I long for every couple that meets at this altar to vow love to God and one another to last for the long haul. The stark reality is that many couples who marry will divorce and this is heartbreak for the family and surrounding friends. Divorce shatters dreams of what a relationship could have been and there is an inherent sadness and grief that accompanies this disillusionment. You can imagine the lines: ‘I had hoped we could make it work’ or ‘I had hoped it would be amicable at least until the kids graduated from school.’

And so many know the torturous ways of hope like a family I met at the children’s hospital as hours turned into days as they waited and watched monitors for a miracle. Their loved one had suffered head injuries from a motorcycle accident and was in a most critical condition. Over weeks worth of visits, I saw spirits of family at the bedside lose tenacity as they voiced their disappointment that God hadn’t reversed the child’s brain damage. Hope for a full recovery turned into coping with the extensive suffering and impairment that resulted from the accident. Their grief was made heavier as they began recognizing the ways in which their beloved could no longer engage the world in sports, riding four wheelers, and chasing cousins around the yard. They had hoped for so much more than they had.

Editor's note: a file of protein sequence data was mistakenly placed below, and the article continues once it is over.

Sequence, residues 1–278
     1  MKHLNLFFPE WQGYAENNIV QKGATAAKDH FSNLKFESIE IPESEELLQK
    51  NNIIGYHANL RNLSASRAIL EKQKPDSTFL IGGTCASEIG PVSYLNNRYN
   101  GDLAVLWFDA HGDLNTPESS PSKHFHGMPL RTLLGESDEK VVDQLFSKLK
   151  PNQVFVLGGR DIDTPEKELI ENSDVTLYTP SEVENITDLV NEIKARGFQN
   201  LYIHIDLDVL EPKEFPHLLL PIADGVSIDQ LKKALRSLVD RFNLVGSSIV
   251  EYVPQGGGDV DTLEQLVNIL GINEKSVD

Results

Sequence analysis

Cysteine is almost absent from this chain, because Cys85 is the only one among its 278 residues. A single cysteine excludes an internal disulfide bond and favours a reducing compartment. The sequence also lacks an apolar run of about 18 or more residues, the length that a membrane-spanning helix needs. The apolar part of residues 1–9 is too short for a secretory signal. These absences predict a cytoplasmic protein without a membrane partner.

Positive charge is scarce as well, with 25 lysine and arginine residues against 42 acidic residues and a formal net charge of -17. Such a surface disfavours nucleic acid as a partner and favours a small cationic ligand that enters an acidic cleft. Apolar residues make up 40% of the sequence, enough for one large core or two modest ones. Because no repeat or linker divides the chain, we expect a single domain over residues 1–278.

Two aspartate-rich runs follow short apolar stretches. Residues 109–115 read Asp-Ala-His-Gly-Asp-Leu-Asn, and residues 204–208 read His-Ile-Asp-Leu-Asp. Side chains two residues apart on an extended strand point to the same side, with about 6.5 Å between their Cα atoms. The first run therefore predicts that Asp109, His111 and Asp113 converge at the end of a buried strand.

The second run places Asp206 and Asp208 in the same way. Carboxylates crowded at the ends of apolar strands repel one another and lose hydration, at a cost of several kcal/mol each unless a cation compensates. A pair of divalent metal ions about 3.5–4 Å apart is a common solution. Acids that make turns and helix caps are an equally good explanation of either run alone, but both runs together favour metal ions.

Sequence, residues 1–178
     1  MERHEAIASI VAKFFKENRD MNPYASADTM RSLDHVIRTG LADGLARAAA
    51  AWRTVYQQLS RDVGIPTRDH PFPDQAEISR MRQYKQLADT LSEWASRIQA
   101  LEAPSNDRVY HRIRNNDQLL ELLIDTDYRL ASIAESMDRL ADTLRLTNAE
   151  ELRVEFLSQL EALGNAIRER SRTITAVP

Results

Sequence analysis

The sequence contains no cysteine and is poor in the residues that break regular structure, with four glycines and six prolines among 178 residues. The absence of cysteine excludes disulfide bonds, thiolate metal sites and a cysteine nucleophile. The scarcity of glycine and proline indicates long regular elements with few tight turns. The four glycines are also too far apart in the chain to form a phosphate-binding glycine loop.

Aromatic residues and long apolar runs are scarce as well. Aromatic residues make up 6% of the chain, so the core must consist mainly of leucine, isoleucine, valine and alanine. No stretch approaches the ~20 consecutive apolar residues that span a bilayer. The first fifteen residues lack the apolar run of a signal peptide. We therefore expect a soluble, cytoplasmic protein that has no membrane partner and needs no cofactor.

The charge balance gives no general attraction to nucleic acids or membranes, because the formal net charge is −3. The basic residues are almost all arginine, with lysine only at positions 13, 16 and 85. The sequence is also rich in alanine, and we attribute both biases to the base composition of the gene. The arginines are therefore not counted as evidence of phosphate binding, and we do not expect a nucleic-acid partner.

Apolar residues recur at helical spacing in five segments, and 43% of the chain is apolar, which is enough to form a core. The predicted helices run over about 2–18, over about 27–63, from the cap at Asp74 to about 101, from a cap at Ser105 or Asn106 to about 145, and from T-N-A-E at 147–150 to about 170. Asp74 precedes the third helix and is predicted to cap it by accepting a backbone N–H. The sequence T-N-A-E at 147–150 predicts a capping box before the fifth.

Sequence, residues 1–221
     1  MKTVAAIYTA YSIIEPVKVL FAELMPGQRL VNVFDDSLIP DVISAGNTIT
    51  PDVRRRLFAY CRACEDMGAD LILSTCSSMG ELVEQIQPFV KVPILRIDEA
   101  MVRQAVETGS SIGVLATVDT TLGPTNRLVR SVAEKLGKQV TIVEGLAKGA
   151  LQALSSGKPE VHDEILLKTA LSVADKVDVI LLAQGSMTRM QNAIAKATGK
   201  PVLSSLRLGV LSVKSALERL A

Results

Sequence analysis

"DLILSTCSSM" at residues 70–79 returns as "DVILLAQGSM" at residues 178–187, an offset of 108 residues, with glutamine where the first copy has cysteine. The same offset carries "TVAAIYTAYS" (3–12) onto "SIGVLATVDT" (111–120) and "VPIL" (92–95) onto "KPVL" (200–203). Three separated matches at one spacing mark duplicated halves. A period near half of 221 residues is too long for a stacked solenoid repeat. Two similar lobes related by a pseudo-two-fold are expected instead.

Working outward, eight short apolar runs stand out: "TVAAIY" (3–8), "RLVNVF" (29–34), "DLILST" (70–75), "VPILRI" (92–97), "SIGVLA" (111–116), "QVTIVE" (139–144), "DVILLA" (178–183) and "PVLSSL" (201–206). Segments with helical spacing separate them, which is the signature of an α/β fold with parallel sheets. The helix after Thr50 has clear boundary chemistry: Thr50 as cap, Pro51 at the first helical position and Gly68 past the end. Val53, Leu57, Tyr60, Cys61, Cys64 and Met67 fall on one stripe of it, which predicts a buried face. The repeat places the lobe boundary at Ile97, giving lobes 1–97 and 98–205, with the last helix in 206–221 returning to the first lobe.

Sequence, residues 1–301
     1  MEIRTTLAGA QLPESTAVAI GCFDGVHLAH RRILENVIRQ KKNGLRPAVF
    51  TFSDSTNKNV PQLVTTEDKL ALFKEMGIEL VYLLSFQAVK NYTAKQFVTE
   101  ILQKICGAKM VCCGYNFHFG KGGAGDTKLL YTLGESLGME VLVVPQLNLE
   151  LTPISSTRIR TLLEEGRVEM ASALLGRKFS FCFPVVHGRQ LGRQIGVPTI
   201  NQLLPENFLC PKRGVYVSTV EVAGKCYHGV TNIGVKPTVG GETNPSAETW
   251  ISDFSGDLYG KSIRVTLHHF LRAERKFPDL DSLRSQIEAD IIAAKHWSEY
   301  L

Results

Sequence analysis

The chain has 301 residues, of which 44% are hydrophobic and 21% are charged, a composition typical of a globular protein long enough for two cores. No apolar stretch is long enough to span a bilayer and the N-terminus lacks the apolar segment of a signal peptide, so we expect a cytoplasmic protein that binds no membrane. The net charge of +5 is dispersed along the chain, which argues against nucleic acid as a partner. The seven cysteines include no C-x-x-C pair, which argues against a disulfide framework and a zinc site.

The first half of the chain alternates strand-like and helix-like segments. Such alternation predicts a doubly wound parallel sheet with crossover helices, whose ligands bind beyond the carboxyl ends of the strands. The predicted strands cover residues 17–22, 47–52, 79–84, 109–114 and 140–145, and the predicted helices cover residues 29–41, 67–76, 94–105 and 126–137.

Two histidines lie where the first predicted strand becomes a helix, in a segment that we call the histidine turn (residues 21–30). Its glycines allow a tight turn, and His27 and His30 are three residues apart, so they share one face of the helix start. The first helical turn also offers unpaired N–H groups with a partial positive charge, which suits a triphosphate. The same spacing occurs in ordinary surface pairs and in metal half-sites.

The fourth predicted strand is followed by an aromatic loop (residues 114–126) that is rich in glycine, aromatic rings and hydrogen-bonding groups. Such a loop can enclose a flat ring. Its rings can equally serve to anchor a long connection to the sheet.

We know these dashed hopes in one form or another and often they are terrible to experience. The end of Jesus’ ministry is one of those experiences for his followers. It disrupts their understanding of the world. Then Jesus begins recalling the law and the prophets to his co travelers so they might understand the disillusioning events. When it’s time to part, Jesus is invited to share in the evening meal. Unexpectedly, he takes bread, gives thanks, breaks and gives it. The veil is lifted and now Cleopas and the unnamed know they are in the presence of the Christ who others had already declared as free from death.

“And it is to these heartbroken disciples that the Risen Christ comes, walking along with us on the road, astonished that we don’t see as we ought, teaching us the Scriptures that we may understand, sharing his presence through bread and wine, and granting burning hearts that prompt us back into the world.” (David Lose, ‘Broken Before Burning’)

It’s not that Christ erases all suffering and disappointment in the lives of disciples or even makes their suffering redemptive. On the road to Emmaus we do see Christ coming alongside his followers and taking time to be present to them heavy in grief. Wherever you are on your journey, Christ will meet your broken spirit, fractured heart, or hurting body just as it is. He may not heal it the way you want but he will invite you into a deeper love and understanding of Gods ways every time you come to experience his presence in the meal we are about to celebrate.

Bless you in the name of Almighty God. Amen.